Transformative research empowering patients to monitor themselves
Credit: University of Houston
With $5 million in grants from the National Institutes of Health (NIH), two University of Houston biomedical researchers are moving the needle on early detection and monitoring of kidney nephritis, or inflammation, in patients who have Systemic Lupus Erythematosus, known simply as lupus.
Hugh Roy and Lillie Cranz Cullen Endowed Professor of biomedical engineering, Chandra Mohan, one of the nation’s leading lupus researchers, is working on disease diagnostics with his $3 million portion. Tianfu Wu, assistant professor of biomedical engineering, will be leading a $2 million project, developing a system that tests multiple samples for multiple biomarkers at once and a smartphone-based analysis and reporting system for disease monitoring and home care.
“It’s a great day for lupus research at UH,” said Mohan. “Together these grants could be transformative in the way lupus is managed. When we find the best biomarkers present in lupus, we can put that information in the patient’s hands and empower them to monitor their own disease.”
Indeed, it all starts with biological indicator molecules called biomarkers. These are proteins that help predict who is likely to develop lupus or kidney disease and how severe the disease might become. Identifying lupus patients at particular risk for severe disease before serious complications arise has implications for early diagnosis and treatment.
Mohan has found such identifiers through proteomic screening, identifying about 30 proteins – out of thousands – elevated in either the blood or urine of lupus nephritis patients.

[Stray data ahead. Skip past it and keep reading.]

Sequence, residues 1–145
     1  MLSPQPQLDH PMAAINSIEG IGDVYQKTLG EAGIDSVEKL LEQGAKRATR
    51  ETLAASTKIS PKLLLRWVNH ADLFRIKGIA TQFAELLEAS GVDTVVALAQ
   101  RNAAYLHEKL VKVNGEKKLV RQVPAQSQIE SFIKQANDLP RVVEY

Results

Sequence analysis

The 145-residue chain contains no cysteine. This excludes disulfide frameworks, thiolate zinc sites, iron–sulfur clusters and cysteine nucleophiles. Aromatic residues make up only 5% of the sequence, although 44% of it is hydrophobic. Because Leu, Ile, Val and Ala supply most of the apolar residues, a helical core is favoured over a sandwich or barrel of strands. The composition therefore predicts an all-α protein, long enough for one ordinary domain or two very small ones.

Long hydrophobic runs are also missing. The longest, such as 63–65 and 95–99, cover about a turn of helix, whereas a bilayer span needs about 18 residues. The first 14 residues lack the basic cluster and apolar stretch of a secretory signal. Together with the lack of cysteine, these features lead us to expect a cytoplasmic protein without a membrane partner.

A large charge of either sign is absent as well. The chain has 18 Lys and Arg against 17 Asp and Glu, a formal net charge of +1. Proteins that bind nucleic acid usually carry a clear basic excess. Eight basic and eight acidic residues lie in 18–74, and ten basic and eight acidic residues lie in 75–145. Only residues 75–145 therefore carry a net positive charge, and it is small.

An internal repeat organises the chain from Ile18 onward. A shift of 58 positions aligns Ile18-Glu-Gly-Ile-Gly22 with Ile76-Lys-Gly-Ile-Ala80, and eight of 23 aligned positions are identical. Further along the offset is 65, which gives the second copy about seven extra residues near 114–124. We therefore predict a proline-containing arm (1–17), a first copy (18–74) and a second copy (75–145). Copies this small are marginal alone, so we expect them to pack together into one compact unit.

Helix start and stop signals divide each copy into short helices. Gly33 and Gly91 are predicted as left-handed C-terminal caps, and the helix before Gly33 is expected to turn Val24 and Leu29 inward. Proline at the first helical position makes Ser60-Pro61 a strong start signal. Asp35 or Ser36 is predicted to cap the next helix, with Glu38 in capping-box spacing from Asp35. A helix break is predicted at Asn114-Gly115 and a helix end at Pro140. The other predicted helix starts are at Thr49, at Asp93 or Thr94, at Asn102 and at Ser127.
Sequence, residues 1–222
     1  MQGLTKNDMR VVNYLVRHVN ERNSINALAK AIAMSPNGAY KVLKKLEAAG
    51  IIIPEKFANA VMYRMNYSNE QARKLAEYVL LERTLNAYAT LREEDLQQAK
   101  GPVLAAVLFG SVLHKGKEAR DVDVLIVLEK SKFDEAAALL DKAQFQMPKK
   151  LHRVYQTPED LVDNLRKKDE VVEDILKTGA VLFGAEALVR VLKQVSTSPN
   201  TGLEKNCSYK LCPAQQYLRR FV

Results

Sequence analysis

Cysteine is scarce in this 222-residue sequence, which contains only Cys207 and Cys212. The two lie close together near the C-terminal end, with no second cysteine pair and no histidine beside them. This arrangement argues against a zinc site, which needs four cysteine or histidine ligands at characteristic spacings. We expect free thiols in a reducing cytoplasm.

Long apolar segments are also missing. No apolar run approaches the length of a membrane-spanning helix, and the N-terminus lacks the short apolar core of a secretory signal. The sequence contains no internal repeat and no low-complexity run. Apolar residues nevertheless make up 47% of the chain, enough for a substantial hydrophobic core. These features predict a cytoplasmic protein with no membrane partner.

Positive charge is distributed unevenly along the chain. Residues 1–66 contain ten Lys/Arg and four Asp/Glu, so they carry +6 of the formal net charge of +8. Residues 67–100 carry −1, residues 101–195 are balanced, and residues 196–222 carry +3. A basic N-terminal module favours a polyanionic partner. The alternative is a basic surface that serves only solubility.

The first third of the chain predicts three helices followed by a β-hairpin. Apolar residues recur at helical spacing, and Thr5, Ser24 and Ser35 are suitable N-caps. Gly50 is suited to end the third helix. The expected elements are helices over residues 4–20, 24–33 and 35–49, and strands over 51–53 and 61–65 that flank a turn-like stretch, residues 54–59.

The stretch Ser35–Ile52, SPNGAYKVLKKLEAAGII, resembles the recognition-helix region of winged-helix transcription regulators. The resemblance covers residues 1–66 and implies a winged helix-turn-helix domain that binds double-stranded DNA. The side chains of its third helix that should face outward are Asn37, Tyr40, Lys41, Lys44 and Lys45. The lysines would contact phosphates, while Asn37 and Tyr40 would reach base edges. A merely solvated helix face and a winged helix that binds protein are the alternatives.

“These proteins were high in patients with renal disease and predicted worse disease outcome like kidney failure several years and up to ten years later,” said Mohan. With this new grant, Mohan will conduct further screenings to look for additional biomarkers, which he believes are lurking. Then he would like to identify the most predictive biomarkers among these candidates, so that they can be used clinically.
“This is the wellspring of all the home monitoring projects,” said Mohan. “Before the patient can monitor anything at home, we must know what to monitor.” Aside from diagnostics and monitoring, Mohan’s team will use the new biomarkers to look ahead at prognosis to identify how patients might be expected to do over time and at treatment response to determine which patients will respond best to certain medications.
At home monitoring
With his grant Wu is hoping that treatment of lupus nephritis flares will be timely when they can be diagnosed at home. Presently the gold standard for diagnosis is renal biopsy. This often painful and invasive procedure could potentially be replaced by Wu’s urine home test kit which will assess an array of biomarkers.
“We are developing a technology allowing us to measure multiple biomarkers at one time, and this is a first,” said Wu. The app-based program would allow patients to read their own diagnosis, which could be particularly helpful for elderly patients who often cannot be transported to an office for a test.
The home tests may not only be able to predict flares but to guide individualized treatment.
Wu is also an investigator on Mohan’s grant. He is joined by Michelle Petri, director of the Hopkins Lupus Center at Johns Hopkins, assistant professor Claudia Pedroza of UT McGovern Medical School, UH research assistant professor Yong Du and laboratory manager Kamala Vanarsa.